## Dirichlet’s and Abel’s Tests

We can now use Abel’s partial summation formula to establish a couple other convergence tests.

If is a sequence whose sequence of partial sums form a bounded sequence, and if is a decreasing sequence converging to zero, then the series converges. Indeed, then the sequence also decreases to zero, so we just need to consider the series .

The bound on and the fact that is decreasing imply that , and the series clearly converges. Thus by the comparison test, the series converges *absolutely*, and our result follows. This is called Dirichlet’s test for convergence.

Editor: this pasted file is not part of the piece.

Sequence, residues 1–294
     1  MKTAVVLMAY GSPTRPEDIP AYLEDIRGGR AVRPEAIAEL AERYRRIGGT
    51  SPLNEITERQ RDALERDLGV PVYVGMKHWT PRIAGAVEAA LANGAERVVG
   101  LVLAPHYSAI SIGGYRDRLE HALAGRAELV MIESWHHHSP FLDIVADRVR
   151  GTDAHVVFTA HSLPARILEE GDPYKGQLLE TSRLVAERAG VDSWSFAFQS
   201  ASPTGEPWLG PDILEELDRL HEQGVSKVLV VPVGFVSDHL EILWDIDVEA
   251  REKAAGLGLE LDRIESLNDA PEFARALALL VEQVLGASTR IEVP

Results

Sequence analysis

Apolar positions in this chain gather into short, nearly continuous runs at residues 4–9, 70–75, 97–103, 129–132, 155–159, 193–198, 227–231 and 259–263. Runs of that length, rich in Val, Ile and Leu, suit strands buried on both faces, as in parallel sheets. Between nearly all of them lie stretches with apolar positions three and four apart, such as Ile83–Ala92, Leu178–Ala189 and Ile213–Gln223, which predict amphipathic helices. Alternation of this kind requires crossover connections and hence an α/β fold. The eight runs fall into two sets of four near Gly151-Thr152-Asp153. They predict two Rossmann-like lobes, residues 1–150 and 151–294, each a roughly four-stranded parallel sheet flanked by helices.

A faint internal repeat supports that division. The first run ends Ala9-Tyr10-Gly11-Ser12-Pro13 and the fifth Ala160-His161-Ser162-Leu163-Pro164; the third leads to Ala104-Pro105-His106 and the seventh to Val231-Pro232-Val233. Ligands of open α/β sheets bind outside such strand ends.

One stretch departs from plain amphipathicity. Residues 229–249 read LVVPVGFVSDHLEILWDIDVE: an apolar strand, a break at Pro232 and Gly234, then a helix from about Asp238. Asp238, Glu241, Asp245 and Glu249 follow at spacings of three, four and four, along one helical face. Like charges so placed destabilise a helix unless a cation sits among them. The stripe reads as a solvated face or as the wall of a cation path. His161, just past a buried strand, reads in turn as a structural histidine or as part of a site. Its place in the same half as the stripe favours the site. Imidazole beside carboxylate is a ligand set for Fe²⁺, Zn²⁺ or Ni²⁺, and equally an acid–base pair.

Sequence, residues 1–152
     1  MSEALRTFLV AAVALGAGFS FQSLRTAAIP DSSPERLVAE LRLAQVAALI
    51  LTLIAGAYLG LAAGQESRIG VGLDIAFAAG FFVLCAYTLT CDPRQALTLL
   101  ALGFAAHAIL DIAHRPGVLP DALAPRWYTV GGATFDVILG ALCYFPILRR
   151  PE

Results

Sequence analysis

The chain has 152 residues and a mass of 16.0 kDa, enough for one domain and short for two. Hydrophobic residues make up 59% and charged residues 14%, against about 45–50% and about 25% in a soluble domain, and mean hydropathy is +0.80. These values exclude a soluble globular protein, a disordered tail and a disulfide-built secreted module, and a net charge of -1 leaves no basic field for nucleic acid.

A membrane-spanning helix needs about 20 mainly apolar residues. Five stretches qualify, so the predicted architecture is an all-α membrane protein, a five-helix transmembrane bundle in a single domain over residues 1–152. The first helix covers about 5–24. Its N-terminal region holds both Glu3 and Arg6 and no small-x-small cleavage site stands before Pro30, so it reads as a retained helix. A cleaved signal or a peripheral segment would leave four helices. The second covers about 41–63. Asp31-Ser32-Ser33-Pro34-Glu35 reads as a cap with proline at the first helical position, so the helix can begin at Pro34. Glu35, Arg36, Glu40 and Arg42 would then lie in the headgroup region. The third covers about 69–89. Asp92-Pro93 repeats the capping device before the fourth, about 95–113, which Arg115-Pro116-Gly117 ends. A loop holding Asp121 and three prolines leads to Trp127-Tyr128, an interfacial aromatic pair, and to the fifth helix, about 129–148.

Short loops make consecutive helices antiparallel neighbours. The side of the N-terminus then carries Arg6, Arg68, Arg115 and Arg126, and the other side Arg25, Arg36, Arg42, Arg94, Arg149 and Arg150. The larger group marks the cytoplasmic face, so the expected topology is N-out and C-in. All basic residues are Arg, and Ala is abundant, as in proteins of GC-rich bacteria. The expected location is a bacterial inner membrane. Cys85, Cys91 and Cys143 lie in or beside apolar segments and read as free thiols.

Let’s impose a bit more of a restriction on the and insist that this sequence actually converge. Correspondingly, we can weaken our restriction on and require that it be monotonic and convergent, but not specifically decreasing to zero. These two changes balance out and we still find that converges. Indeed, the sequence converges automatically as the product of two convergent sequences, and the rest is similar to the proof in Dirichlet’s test. We call this Abel’s test for convergence.

Think you have a mistake:

If B_k is decreasing, then:

B_{k+1} – B_k < 0.

So it is not the case that:

|A_k(B_{k+1} – B_k)| <= M(B_{k+1} – B_k)

Comment by David | November 27, 2011 |

Sorry, yes, the indices are swapped.

Comment by John Armstrong | November 28, 2011 |